Scalia argues that if our Constitution no longer at any time meets the exigencies of society’s evolving standards, and an Amendment is required, there is nothing stopping the people or elected representatives from doing so in a proper and democratic manner. Brennan pushes that of course we look to the text and the intervening history for interpretation; but when that is unavailable to us, we must ask what the Constitution means in our own time. The problem I have with Brennan’s theory is that it makes space for far more fault than benefit. Following this interpretation leads to contemporary implementation, but also allows for an expansive government that prioritizes current societal trends over the protected rights of the people and the states outlined in the Bill of Rights.

Understanding Constitutional Interpretation


If you have ever held a political opinion, you have perhaps unknowingly interpreted the Constitution. You’re certainly not alone in doing so, but maybe you aren’t completely aware of how important interpretation of our Constitution is. Interpretation has influenced much of our politics throughout history, both in ideology (conservative v. liberal) and in law. Our laws, all of our laws, abide by the Constitution. They are measured against it to ensure our county not sway from the founding principles. But what those principles are exactly is where we disagree. For example, if the Constitution says the role of government is to promote the “general welfare” of its people, does that include providing healthcare for them? Some would say yes and some would say no. Just by stating an opinion on such an issue means you are interpreting the Constitution.

There are countless interpretations of the Constitution and no way to sift through the legitimacy of them all, but I would like to write about a few that I learned from reading my American Constitutional Interpretation book. It’s a book I bought after taking a Constitutional law course, where we also focused on these influential interpretations.

Though these interpretations are separate from each other, I believe to an extent each theory is dependent upon the validation of its’ counter-theory. Each interpretation views the Constitution and its’ interpreters in a different light. Each is, by my analysis, too radical a theory to be the sole interpretation that this country adheres to. Even Justice Scalia, believer of the first interpretation I will look at, “Originalism”, concedes the faults within his own logic. Justice Brennan’s idea of an expansive and powerful but limited government will contrast the originalist approach; Justice Rehnquist looks to the majority as the deciding body of what the Constitution says and scholar Ronald Dworkin introduces a counter-majoritarian dilemma to Rehnquist’s philosophy.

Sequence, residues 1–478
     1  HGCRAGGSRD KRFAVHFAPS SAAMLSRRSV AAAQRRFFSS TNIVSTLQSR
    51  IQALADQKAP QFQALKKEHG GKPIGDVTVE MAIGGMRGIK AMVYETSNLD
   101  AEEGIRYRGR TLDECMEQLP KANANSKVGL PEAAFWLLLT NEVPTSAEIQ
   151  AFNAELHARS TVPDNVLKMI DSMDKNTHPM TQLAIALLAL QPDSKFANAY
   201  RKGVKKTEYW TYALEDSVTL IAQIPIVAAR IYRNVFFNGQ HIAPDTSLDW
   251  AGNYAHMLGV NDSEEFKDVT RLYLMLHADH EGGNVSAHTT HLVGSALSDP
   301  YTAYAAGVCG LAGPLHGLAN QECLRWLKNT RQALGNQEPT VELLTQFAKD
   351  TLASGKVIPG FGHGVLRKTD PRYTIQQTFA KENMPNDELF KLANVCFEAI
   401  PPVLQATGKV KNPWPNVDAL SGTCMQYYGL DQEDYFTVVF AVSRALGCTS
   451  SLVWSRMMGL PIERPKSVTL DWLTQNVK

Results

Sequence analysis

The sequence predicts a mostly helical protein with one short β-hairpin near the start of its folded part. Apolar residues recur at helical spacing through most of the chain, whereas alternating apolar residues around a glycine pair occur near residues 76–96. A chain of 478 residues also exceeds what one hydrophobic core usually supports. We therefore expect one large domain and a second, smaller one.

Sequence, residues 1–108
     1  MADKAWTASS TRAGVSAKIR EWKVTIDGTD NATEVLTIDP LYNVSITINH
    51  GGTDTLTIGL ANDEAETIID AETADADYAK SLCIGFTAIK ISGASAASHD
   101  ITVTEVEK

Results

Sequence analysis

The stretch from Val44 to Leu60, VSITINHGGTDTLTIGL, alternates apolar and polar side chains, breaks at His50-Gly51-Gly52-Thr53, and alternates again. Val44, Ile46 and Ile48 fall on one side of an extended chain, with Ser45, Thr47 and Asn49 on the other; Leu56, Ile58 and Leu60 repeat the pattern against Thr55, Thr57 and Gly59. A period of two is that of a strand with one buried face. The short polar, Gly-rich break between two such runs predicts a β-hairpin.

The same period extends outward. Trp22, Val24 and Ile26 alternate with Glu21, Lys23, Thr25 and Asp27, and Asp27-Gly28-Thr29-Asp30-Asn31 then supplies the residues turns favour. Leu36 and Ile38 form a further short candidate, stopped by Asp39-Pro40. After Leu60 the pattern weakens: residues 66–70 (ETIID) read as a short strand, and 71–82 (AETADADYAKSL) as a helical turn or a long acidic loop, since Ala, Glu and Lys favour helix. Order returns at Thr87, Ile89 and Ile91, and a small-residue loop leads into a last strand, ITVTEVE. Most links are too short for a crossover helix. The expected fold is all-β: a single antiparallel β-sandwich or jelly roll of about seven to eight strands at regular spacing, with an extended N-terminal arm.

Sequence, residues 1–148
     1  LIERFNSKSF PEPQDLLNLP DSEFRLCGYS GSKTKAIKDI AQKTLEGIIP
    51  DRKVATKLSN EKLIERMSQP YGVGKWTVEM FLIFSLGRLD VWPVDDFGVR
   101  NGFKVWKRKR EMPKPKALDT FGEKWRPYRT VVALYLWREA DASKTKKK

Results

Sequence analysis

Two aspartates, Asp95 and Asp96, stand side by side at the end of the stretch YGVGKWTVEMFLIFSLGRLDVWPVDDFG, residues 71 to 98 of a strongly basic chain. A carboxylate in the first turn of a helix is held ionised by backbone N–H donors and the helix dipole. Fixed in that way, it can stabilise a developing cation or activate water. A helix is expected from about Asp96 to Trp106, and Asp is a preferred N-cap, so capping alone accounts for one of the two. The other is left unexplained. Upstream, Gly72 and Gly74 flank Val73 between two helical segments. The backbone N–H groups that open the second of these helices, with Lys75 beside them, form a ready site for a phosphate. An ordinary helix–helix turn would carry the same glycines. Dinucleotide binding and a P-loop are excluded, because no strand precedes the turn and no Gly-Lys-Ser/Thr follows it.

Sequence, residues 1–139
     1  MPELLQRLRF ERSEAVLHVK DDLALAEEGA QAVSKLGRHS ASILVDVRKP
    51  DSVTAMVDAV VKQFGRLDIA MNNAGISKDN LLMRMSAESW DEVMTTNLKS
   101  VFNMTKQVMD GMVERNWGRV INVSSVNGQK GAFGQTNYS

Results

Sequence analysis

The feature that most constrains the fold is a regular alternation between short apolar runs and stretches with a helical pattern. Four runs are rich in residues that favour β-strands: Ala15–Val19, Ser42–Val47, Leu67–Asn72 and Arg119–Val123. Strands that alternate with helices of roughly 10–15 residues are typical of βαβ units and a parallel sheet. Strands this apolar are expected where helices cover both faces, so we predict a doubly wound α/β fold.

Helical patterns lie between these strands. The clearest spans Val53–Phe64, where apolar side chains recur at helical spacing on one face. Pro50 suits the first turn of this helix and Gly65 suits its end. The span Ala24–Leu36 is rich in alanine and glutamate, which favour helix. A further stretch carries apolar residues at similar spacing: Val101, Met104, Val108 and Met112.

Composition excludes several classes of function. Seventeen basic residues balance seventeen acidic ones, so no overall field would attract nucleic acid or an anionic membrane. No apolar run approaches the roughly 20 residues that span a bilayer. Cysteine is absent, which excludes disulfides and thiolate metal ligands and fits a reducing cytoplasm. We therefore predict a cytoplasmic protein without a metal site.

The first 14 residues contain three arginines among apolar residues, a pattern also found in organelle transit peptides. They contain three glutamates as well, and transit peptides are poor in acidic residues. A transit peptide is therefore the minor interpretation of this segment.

To begin, we must first decide what is a Constitution before we can successfully answer whose role it is to interpret that document. A Constitution, and to be specific the Constitution of the United States, by most accounts, is a blueprint for government and nation. It contains, in some ways, the rights of the government and, other ways, the rights of the citizen. It outlines the powers of each branch; the Legislature yields the power of the Purse, the Executive yields the power of the Military, and the Judiciary yields the power of its’ Reason. But it also limits the government in other areas, namely within the Bill of Rights. What government cannot impede on or take away from its’ citizens is outlined in the Amendments to the Constitution. In the Preamble, or the first sentences, the Constitution takes on the aspirational goals of our government, ensuring the general welfare and safety of its people while also maintaining their freedom.

The Constitution has proven itself to be equivocal. Many interpretations of the document have lead this country at various points in our history, and denying the Constitution the due credit of its equivocacy also denies it and its Framers the transcendence that has allowed the documents to last over two hundred years. If we were to say that the Constitution was unequivocal, it would not have stood the test of time. It lays the framework for our democratic republic; in such a form of government, disagreement and interpretation are necessary components. If we were to deny equivocacy to the very document that outlines equivocal practice, our nation, not just our government, would be unable to expand and adapt to the natural progression of change that prevails human history. Each of the interpretations outlined below assume that our Constitution is equivocal. What is important to remember when reading all of this is that none of these are concrete. Think of these interpretations (and a thousand others) as a four-quadrant graph; in one corner, you’ve got Justice Scalia and his bare-bones principles. In the opposing corner stands Justice Brennan, telling of powerful contemporary rule. And in the other two corners are Rehnquist and Dworkin, who contrast the others investment in the power of the American majority. Where you fall on this XYZ axis is entirely up to you. So now that we’ve gotten that out of the way, let’s go through these four interpretations.